Saturday, 18 May 2013

Using AIX Tools to Debug Network Problems

Question

Using AIX Tools to Debug Network Problems

Answer

This document discusses some standard AIX commands that can check for network connectivity or performance problems.

From time to time users may be unable to access servers via their client applications or they may experience performance problems. When application and system checks do not indicate the problem, the system administrator may need to check the network or the system's network settings to find the problem. Using standard AIX tools, you can quickly determine if a server is experiencing a network problem due to configuration or network issues. These tools include thenetstat and tcpdump commands, which can help you isolate problems, from loss of connectivity to more complex network performance problems.

  • Basic tools and the OSI-RM
  • Using the netstat command
  • Using the tcpdump command

Basic tools and the OSI-RM

The AIX commands you can use for a quick checkup include the lsdeverrptnetstat and tcpdump commands. With these tools, you can assess the lower layers of your system's network configuration within the model known as the Open Systems Interconnection (OSI) Reference Model (RM) (see Table 1). Using the OSI-RM allows you to check common points of failure, without spending too much time looking at elusive errors that might be caused by loss of network access within an application.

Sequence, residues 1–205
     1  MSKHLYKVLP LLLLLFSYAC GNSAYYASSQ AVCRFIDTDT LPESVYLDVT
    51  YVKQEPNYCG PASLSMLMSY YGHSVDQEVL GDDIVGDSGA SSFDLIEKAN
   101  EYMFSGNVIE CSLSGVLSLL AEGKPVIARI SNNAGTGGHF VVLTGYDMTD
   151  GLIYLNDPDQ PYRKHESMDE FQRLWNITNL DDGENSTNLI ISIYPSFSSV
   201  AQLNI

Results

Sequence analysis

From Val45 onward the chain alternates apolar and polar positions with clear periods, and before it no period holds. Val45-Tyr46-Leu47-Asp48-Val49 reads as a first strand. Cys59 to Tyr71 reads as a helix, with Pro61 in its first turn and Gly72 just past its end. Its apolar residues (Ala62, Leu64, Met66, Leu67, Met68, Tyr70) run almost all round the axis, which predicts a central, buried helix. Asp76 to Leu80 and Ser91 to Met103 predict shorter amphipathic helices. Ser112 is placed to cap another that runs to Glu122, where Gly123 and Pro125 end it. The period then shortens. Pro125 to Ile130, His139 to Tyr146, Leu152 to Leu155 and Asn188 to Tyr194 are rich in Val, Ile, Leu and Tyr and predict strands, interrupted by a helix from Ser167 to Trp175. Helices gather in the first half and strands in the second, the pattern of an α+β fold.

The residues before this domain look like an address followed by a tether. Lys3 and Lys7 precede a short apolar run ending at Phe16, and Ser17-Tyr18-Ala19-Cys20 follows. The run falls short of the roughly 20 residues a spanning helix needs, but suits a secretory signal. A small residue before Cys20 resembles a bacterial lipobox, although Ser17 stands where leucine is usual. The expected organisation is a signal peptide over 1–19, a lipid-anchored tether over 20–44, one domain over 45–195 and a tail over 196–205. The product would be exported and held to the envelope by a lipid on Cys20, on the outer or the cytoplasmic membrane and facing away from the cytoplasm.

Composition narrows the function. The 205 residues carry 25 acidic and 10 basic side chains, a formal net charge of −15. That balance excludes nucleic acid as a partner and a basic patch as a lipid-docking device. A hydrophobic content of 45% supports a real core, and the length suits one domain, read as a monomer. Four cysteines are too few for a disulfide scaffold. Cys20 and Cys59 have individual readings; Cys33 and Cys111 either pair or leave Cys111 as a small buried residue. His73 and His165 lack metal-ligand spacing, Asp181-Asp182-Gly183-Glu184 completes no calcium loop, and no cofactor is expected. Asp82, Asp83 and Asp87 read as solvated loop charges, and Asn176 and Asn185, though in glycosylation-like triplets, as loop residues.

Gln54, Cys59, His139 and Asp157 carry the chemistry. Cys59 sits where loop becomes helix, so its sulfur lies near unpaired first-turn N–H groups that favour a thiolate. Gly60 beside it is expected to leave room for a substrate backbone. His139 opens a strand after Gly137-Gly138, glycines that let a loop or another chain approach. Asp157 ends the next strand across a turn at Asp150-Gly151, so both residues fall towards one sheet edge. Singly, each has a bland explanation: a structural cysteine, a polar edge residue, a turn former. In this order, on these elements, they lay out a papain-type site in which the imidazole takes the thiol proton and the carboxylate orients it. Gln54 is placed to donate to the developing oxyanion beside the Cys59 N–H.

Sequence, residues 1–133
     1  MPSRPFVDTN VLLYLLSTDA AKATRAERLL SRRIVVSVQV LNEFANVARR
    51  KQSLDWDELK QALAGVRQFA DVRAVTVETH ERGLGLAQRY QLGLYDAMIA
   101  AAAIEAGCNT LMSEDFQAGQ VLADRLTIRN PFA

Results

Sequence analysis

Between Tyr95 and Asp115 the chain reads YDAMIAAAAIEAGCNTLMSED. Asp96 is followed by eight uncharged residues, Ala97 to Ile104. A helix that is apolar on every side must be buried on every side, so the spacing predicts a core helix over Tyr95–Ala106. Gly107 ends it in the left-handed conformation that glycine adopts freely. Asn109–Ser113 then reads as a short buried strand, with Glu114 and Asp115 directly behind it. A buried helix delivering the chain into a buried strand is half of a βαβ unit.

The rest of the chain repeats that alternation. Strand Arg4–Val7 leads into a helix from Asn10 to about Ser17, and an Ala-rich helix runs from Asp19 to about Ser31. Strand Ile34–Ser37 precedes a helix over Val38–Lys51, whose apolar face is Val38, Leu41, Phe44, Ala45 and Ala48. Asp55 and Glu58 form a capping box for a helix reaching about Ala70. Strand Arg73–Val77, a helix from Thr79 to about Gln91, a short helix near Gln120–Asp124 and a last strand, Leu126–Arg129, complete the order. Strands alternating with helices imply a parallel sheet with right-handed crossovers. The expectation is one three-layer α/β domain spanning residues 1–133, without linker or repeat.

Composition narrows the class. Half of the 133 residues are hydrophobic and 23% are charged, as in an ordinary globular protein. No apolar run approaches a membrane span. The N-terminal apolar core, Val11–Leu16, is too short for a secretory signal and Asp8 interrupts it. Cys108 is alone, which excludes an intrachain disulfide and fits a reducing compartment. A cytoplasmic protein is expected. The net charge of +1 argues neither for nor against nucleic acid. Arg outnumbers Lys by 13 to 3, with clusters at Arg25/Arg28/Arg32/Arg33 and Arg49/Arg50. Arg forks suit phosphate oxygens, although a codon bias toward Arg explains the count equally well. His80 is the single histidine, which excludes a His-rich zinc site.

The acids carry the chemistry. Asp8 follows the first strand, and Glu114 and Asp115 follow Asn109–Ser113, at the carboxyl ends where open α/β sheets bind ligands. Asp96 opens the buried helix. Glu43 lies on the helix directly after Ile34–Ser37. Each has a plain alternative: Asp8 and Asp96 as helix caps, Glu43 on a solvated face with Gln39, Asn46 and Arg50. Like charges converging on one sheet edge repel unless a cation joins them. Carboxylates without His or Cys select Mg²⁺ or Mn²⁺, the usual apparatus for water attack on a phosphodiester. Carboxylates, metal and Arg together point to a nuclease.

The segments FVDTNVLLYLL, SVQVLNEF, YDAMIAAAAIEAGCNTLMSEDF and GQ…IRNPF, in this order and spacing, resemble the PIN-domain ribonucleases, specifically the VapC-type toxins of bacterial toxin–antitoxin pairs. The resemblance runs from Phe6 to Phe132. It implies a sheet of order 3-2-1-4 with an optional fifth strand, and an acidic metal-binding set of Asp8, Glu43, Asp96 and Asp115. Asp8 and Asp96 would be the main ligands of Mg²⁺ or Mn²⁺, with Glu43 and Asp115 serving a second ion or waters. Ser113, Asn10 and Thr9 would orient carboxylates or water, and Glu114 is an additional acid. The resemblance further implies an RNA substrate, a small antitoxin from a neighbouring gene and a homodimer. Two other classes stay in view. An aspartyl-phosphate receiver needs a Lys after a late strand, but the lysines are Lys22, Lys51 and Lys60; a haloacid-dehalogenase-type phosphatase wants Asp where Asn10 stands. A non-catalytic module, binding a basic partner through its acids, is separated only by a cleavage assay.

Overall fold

Open Systems Interconnection Reference Model

 Model Layer           Function                         Assessment Tools
             
7. Application Layer  Consists of application          . 
                      programs that use the network.
6. Presentation Layer Standardizes data presentation 
                      to the applications.
5. Session Layer      Manages sessions between 
                      applications.
4. Transport Layer    Organizes data grams into        netstat -s 
                      segments and reliably delivers   iptrace 
                      them to upper layers.            tcpdump
3. Network Layer      Manages connections across the   netstat -in, -rn, -s, -D
                      network for the upper layers.    topas
                                                       iptrace
                                                       tcpdump